What is the issue?

The design of social media platforms is reframing our digital experience and altering patterns of human behaviour and social connection. There is mounting evidence about the negative effects of social media on mental health and wellbeing, particularly among young people, as well as significant concern about the role of social media platforms in spreading disinformation and misinformation, undermining trust in institutions and threatening social cohesion.

There is a need for effective regulation of social media platforms to ensure the development and use of this technology is human-centred.

Mental health and wellbeing

Social media can aid connectedness and social support and build skills appropriate for the digital age. However, increased use of social media also carries risks, especially for children and adolescents.

Social media can be incredibly addictive, with platforms intentionally designed to maximise the time users spend on them by using algorithms to display content users will find engaging based on previous behaviour online. Strategies such as likes, shares and suggested content are aimed at capturing our attention and increasing the amount of time spent on the platform. Like gambling and gaming, users can become captivated and obsessed, spending more time than anticipated on the platforms.

There is a growing body of evidence indicating the damaging impact of social media on mental health and wellbeing – in particular, a strong correlation between extensive and habitual use of social media and increased anxiety, depression and suicidal ideation. Negative online interactions, such as critical comments or lack of ‘likes’, may contribute to perceptions of exclusion and disconnection, while unfavourable social comparison with other users can adversely affect self-esteem through exposure to highly curated lives.

While the use of social media by Australians, particularly young Australians, has increased dramatically, this has been without guidance or insight into the impacts on their health and wellbeing. The long-term effects of heavy social media usage are yet to be explored.

All Australians – but especially young Australians and their parents, carers and educators – need to better understand these effects and be equipped with the tools and resources to navigate life online.

Social cohesion

Social media can bring us together and give voice to those who may have traditionally been excluded from public debate. It can also deepen divisions and challenge social cohesion.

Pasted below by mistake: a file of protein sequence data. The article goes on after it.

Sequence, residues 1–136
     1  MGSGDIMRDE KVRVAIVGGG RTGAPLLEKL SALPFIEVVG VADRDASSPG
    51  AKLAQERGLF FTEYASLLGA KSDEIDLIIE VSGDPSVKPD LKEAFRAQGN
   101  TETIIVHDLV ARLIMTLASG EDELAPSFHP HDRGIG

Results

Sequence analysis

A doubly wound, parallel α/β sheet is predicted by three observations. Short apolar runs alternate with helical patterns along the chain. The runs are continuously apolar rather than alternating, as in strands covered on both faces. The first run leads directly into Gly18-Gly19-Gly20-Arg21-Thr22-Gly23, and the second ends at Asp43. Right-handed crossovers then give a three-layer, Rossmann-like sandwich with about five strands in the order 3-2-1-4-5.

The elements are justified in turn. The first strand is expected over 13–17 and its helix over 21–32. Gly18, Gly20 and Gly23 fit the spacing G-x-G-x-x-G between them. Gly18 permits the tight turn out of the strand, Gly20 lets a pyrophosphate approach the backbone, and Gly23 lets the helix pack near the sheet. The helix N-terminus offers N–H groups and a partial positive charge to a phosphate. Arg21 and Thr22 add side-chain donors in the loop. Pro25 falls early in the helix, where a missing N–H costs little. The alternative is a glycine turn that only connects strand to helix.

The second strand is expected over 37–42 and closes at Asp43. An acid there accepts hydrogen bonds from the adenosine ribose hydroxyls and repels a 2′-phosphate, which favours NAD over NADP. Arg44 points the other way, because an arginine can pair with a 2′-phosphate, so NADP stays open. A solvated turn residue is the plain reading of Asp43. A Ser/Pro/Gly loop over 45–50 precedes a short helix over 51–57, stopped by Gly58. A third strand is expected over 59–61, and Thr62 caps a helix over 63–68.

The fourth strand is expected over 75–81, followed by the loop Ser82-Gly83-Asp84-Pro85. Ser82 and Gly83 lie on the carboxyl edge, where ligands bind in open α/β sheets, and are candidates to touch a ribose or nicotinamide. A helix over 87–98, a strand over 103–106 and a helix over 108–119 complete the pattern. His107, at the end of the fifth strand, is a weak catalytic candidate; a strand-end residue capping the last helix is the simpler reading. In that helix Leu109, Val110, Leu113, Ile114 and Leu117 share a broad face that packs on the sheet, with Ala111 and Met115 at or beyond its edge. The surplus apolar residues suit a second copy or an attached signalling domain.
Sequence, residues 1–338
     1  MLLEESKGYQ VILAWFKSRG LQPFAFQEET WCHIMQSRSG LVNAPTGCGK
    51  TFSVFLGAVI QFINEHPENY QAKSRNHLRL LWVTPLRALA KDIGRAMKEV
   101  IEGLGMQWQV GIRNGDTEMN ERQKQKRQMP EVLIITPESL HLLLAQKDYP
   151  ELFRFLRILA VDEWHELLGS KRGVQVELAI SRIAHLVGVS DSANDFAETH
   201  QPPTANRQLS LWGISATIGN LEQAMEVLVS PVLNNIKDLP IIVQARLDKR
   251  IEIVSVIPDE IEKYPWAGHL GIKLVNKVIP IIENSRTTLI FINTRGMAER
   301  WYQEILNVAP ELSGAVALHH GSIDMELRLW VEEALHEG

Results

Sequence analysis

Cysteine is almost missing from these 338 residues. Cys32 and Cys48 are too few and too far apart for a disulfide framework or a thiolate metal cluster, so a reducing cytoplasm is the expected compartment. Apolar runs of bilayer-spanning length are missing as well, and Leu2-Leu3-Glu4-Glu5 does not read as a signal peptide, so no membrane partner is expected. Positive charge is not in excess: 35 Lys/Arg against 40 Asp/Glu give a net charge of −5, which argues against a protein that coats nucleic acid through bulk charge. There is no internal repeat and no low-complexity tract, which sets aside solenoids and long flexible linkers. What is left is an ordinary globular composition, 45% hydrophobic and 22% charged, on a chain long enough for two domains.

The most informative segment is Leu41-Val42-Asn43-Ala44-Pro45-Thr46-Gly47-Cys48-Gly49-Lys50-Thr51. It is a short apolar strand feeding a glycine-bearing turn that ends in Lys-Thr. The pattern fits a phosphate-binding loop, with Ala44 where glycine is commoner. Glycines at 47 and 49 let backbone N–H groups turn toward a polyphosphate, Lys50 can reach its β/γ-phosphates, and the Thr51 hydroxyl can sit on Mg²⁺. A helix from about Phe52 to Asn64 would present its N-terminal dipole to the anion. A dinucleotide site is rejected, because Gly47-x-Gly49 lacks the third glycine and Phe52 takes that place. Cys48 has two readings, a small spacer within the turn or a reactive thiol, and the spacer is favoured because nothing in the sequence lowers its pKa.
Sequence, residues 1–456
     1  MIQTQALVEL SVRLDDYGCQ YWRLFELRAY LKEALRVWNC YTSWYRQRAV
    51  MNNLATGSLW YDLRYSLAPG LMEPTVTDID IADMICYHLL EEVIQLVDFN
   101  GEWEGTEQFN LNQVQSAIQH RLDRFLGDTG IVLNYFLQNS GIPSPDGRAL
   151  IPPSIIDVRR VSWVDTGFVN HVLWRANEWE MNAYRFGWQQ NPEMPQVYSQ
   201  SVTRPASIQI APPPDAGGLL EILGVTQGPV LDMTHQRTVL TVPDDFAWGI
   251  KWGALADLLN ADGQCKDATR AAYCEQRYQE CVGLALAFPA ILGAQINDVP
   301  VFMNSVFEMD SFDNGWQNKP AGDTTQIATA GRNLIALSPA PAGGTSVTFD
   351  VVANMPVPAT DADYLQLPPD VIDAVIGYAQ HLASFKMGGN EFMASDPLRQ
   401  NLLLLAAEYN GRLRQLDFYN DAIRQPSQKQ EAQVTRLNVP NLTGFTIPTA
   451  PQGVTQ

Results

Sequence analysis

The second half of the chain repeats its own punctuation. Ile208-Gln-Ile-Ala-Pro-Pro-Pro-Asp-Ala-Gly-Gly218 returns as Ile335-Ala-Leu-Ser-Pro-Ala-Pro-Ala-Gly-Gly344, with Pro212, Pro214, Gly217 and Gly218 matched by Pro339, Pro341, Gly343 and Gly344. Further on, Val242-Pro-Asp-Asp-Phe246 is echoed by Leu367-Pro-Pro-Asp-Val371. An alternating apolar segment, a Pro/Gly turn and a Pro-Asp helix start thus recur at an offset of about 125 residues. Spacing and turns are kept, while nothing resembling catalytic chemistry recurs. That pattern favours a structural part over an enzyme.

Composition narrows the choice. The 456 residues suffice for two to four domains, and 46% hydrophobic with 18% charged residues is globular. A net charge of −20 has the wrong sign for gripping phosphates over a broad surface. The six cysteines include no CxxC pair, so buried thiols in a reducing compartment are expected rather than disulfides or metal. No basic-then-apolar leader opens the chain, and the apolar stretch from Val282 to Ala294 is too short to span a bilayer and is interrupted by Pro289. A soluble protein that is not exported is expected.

Social media is a place where incorrect information spreads quickly. The platforms are designed to encourage and optimise content that generates clicks and is shared, preferencing viral content that is more sensational and more emotive. As misinformation often acts on emotive plays and sensational claims, it is more likely to go viral and be shared – and is therefore more difficult to contain. In a world where more and more Australians rely on social media as their primary news source, combating the spread of false information online is crucial.

Using algorithms, social media platforms expose their users to similar content they have previously engaged in. This creates echo chambers, where users are repeatedly exposed to similar views and opinions with minimal exposure to opposing views. Echo chambers can make people insular, less curious, and less open-minded towards different ideas, fuelling animosity towards ‘the other’ and deepening divisions in society.

Responding to the risks that social media poses to social cohesion should be a priority for governments and policymakers.


Social media has emerged in recent years as a mechanism to perpetrate abuse and harassment, including cyberbullying, the promotion of violence, self-harm and inappropriate content, gender-based violence and technology-facilitated abuse.

There are distinctive elements of technology-facilitated abuse arising from features of social media platforms, such as the potential for perpetrators to remain anonymous, the possibility of a wider audience for the abuse, the permanence of content posted online, and significant challenges for the victim in disconnecting from the abuse.

In recent years, social media platforms have responded to concerns raised by individuals and organisations by implementing measures such as the use of artificial intelligence to identify and block fake accounts and providing access to safety tools. However, these measures are in their infancy and remain limited.

More needs to be done to ensure the safety and security of individuals online.